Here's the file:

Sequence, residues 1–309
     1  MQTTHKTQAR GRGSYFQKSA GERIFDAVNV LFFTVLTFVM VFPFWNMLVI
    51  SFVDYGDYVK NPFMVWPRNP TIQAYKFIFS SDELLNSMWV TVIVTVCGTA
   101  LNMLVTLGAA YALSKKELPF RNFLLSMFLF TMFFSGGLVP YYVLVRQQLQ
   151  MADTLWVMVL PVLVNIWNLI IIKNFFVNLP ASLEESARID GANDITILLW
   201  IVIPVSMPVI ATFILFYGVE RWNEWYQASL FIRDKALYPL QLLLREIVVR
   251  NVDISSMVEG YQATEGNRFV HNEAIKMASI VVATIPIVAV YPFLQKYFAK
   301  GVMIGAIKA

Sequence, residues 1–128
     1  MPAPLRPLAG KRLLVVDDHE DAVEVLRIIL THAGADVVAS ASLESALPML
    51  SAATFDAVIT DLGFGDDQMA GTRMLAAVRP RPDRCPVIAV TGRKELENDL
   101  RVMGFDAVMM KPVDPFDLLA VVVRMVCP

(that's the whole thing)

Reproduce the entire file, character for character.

Sequence, residues 1–309
     1  MQTTHKTQAR GRGSYFQKSA GERIFDAVNV LFFTVLTFVM VFPFWNMLVI
    51  SFVDYGDYVK NPFMVWPRNP TIQAYKFIFS SDELLNSMWV TVIVTVCGTA
   101  LNMLVTLGAA YALSKKELPF RNFLLSMFLF TMFFSGGLVP YYVLVRQQLQ
   151  MADTLWVMVL PVLVNIWNLI IIKNFFVNLP ASLEESARID GANDITILLW
   201  IVIPVSMPVI ATFILFYGVE RWNEWYQASL FIRDKALYPL QLLLREIVVR
   251  NVDISSMVEG YQATEGNRFV HNEAIKMASI VVATIPIVAV YPFLQKYFAK
   301  GVMIGAIKA

Sequence, residues 1–128
     1  MPAPLRPLAG KRLLVVDDHE DAVEVLRIIL THAGADVVAS ASLESALPML
    51  SAATFDAVIT DLGFGDDQMA GTRMLAAVRP RPDRCPVIAV TGRKELENDL
   101  RVMGFDAVMM KPVDPFDLLA VVVRMVCP